In a prospective study of 3,253 pregnant adolescents, 1,404 were seronegative for cytomegalovirus (CMV). Specimen collection at each antenatal visit, including urine for viral culture and serum for complement-fixing antibody, allowed definition of primary CMV infection in 14 subjects (1%). Seven of 14 subjects delivered congenitally infected infants, including 5/7 subjects with third trimester infections, and 2/5 subjects with second trimester infections. The single mother with a first trimester infection delivered an uninfected infant, despite recurrent maternal viremia. The mean birth weight of congenitally infected infants did not differ significantly from the mean birth weight of uninfected infants. None of the infants had stigmata of cytomegalic inclusion disease. One infected infant died suddenly at 6 weeks of age from pneumonia. Follow-up examinations of the six living children failed to detect cognitive, behavioral, or audiologic sequelae. These data demonstrate that primary maternal CMV infection occurs in 1% of susceptible women and is associated with a 50% risk of intrauterine infection. Fetal infection, particularly if it occurs late in pregnancy, is not invariably accompanied by fetal damage.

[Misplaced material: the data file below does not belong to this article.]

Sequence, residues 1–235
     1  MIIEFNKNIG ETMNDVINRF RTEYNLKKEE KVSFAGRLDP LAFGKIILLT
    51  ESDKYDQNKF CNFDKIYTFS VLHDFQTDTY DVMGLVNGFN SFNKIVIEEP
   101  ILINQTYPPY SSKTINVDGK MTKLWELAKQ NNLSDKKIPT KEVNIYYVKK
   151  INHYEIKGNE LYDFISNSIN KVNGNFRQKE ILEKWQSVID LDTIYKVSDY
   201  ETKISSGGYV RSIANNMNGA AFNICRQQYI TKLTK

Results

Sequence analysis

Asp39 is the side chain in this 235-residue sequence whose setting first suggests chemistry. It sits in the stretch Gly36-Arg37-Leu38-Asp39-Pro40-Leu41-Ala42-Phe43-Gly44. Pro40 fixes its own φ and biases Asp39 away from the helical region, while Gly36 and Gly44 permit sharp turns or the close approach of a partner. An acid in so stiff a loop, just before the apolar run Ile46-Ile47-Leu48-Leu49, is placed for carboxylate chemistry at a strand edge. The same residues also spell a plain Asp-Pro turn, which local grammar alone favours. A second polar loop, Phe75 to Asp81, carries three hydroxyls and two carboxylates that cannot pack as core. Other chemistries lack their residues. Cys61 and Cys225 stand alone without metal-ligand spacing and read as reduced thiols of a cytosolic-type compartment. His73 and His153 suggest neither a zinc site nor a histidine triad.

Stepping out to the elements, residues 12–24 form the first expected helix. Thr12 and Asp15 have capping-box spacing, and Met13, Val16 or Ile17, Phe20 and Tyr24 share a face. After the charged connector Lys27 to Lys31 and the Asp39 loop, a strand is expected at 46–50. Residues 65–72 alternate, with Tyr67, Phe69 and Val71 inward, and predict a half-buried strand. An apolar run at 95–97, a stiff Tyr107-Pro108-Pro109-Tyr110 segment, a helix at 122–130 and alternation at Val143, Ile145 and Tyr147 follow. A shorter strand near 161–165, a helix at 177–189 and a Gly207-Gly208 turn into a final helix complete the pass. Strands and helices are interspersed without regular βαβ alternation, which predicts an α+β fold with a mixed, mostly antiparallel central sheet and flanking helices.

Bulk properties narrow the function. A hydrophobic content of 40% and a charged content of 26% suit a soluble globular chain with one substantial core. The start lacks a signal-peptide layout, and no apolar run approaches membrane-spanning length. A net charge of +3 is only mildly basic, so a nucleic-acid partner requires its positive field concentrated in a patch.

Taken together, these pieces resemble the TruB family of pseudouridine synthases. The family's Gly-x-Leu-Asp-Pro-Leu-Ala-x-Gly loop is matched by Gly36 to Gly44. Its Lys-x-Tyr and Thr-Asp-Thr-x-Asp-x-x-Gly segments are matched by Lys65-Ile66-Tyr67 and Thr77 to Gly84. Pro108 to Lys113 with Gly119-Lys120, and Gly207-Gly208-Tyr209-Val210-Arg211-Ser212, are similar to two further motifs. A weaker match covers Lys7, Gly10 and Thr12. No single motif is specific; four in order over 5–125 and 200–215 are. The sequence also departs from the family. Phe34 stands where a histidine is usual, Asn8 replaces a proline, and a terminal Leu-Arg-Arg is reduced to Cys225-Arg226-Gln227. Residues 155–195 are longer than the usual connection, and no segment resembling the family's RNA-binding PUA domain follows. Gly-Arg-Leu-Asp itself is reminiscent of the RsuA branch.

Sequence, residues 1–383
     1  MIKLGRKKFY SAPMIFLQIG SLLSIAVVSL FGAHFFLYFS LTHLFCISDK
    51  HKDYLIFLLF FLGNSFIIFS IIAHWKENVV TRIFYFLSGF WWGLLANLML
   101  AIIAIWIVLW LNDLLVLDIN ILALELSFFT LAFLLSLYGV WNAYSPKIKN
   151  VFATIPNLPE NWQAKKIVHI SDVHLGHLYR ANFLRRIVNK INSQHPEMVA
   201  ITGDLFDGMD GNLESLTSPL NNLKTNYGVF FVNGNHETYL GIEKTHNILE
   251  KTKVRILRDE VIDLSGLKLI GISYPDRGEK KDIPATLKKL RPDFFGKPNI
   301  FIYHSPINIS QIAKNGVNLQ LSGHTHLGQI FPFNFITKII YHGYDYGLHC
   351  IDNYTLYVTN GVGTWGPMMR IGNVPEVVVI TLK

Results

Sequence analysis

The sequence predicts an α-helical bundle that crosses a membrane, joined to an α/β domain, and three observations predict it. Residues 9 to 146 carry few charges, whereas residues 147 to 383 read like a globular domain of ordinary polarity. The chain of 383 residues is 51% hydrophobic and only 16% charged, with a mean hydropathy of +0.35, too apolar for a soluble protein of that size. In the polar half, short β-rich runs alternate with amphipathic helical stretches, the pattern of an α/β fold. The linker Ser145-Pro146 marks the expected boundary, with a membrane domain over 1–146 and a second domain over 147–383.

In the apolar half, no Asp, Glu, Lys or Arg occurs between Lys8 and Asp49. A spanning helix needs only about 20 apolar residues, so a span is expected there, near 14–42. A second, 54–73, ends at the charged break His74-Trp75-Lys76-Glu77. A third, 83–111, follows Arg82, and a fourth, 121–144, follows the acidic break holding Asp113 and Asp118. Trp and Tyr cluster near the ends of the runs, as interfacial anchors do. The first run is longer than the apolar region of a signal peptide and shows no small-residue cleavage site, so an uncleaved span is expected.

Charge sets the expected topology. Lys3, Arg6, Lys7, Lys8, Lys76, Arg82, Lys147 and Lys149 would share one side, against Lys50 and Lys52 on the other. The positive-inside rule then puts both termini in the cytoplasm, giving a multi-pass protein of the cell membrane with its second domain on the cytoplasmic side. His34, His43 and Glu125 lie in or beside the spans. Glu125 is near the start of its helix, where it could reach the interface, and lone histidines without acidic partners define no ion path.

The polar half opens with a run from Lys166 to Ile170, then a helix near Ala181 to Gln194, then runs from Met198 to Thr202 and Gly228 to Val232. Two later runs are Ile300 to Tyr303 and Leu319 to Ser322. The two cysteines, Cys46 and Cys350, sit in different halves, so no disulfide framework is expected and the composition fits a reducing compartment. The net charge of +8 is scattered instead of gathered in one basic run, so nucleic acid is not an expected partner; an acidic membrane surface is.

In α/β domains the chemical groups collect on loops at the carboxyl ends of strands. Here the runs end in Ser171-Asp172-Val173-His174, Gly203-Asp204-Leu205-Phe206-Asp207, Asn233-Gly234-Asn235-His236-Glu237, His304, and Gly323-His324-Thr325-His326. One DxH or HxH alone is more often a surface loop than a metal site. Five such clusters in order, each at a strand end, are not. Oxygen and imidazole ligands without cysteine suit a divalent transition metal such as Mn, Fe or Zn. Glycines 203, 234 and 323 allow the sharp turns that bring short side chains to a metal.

- Received July 5, 1983.
- Accepted October 28, 1983.
- Copyright © 1984 by the American Academy of Pediatrics